AUZ: It was the same voice in my head telling me I should raise the bar for my own practice. It would have been simpler to use a pencil or a marker on canvas and create a similar effect. But why make it easier if you can make it harder? My subject matter is a toy wrapped in gauze-like bandages and the linear striations are irreversible and cannot be erased or modified once the line has been indelibly gouged into the surface. At the most, I can manipulate the fold of the gauze but I cannot delete any line once I have made it. This is the outcome of my self-imposed challenge and I make the work more demanding and onerous through this technique of nicking, grating, and scuffing out rather than depositing on, as in most artworks. But the process has reference to my subject matter as well and the two are immeasurably integrated

AN: What is the thematic presumption of using toys or iconic representations of global entertainment?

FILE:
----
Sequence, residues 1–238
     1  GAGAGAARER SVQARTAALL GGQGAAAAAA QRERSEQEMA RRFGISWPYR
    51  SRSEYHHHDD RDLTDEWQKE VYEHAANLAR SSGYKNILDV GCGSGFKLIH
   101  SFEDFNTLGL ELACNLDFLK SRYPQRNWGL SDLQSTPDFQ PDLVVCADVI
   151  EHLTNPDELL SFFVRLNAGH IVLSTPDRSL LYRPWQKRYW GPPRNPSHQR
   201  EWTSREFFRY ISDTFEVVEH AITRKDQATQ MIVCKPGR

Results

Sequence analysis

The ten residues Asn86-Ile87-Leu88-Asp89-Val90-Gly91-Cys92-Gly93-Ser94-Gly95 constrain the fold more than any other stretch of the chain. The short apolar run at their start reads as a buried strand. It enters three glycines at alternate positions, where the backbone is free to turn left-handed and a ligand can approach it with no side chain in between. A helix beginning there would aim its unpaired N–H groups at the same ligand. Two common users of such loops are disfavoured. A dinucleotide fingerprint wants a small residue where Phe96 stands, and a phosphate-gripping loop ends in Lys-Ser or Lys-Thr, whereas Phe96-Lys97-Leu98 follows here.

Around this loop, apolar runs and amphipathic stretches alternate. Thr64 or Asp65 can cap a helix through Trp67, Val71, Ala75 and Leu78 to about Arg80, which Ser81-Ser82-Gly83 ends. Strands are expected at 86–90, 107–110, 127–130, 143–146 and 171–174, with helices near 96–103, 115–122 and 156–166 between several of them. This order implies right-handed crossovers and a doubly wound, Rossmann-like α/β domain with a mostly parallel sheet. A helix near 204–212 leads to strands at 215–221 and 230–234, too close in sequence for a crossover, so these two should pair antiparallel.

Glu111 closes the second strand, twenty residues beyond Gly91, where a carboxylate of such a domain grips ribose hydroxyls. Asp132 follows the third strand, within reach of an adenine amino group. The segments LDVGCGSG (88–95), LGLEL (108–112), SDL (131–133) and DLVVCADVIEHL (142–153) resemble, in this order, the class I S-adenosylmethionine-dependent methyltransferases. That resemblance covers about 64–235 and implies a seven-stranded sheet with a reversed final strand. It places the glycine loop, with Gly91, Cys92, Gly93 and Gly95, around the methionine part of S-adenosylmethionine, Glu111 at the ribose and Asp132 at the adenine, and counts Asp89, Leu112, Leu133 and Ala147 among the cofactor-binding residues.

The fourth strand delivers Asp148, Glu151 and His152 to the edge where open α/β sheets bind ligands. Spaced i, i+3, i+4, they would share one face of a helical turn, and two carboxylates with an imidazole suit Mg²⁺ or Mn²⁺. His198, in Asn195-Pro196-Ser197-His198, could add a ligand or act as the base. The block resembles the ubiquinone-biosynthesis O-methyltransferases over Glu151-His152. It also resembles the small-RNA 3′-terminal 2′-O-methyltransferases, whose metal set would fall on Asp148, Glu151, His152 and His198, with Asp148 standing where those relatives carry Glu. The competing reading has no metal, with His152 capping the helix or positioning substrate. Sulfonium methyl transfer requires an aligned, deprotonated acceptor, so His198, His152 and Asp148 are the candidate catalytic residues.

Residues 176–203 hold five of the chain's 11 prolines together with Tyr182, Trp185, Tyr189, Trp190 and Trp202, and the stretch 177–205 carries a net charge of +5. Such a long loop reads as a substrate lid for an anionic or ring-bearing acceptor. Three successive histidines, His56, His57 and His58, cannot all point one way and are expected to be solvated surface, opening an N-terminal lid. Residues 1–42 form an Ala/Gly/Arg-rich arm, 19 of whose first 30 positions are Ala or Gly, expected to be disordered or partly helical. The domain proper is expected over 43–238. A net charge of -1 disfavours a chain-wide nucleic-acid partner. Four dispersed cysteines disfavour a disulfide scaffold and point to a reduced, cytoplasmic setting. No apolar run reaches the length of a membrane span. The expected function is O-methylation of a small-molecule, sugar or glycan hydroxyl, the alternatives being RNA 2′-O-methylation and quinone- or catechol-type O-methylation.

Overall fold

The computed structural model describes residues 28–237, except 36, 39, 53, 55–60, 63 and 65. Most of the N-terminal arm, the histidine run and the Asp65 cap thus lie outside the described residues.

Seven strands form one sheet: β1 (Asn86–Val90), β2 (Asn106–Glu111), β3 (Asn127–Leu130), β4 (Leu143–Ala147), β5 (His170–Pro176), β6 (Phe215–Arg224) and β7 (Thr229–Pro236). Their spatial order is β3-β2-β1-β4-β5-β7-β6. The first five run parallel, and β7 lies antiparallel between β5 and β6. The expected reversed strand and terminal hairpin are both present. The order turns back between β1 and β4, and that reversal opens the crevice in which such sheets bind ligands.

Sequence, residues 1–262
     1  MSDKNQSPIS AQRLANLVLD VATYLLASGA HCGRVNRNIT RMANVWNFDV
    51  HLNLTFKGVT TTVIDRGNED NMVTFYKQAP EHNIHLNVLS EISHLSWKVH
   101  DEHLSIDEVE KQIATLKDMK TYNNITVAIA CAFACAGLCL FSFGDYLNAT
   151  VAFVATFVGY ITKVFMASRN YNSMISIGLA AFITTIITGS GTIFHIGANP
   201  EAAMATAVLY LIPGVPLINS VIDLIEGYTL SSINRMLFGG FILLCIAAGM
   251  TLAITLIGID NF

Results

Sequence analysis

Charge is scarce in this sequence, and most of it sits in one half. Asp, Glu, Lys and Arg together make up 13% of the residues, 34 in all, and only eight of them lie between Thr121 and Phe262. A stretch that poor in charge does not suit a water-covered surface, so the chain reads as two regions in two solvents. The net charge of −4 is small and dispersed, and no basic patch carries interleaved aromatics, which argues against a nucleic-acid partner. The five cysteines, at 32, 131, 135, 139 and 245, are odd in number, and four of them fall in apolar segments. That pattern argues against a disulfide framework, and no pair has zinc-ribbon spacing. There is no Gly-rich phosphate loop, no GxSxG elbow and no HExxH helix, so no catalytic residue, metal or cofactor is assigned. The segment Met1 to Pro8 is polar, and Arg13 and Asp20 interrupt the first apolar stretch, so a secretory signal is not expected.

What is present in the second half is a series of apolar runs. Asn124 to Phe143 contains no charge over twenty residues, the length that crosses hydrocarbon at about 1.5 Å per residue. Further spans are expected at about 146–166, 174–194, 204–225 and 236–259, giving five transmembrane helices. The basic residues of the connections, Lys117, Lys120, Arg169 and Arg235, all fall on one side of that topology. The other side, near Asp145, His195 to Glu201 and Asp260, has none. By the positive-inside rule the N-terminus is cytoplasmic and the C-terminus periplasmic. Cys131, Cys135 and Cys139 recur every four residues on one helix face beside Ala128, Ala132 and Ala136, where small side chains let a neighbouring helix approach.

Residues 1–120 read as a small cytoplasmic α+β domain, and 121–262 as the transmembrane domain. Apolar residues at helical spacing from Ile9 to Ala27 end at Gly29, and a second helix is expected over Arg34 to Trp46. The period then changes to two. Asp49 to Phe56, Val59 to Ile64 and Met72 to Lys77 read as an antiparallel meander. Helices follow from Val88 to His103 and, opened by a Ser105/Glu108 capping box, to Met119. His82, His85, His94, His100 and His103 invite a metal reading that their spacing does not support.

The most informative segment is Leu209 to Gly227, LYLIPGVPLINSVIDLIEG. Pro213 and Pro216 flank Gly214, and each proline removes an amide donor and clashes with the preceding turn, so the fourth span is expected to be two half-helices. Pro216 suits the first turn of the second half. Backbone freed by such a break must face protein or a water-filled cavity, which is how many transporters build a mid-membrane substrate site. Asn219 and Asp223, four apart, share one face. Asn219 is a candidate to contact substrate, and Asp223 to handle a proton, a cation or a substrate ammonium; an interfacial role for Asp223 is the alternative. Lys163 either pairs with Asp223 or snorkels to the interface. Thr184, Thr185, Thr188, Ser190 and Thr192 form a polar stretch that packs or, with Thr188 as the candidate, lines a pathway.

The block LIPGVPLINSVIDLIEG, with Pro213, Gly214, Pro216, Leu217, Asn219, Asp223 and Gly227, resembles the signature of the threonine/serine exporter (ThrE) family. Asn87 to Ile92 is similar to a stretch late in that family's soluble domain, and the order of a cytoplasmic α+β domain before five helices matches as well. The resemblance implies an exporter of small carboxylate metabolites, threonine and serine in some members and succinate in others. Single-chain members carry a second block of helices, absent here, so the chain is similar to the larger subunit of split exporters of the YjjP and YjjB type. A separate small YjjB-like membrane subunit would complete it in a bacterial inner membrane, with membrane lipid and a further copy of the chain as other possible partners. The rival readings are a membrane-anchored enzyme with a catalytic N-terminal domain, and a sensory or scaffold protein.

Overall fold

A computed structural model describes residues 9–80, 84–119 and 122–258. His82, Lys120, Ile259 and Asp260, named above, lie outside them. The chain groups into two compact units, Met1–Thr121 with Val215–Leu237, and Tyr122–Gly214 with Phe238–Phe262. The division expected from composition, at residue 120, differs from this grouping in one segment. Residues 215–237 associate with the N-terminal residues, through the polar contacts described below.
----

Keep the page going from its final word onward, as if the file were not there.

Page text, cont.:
AUZ: Toys reflect the innocence of childhood and a primeval need for security during adolescence. But you will detect that there is also something sinister about the object because it is hidden from view and is bandaged. My subliminal allusion is that the object is broken or wounded and requires repair. The idea points to a loss of innocence and to the disintegration of our socio-political framework. I have used the iconic figures of Mickey Mouse and King Kong, both associated with western pop culture and interestingly, they exchange referential positions. Mickey Mouse who is traditionally adorable and lovable is shrouded and mysterious almost like a disguise because his intention is to enter children’s homes and ensure that he becomes a central figure in their lives – the idea is that multinational corporations creep into our childhood associations and embed themselves there so that the merchandising never stops. On the other hand, King Kong who is supposedly the epitome of evil and destruction is unravelled, more exposed than other toys signifying the true nature of a beast that is actually tender at heart in spite of his appearance but is ruthlessly caught and caged by humans and eventually killed.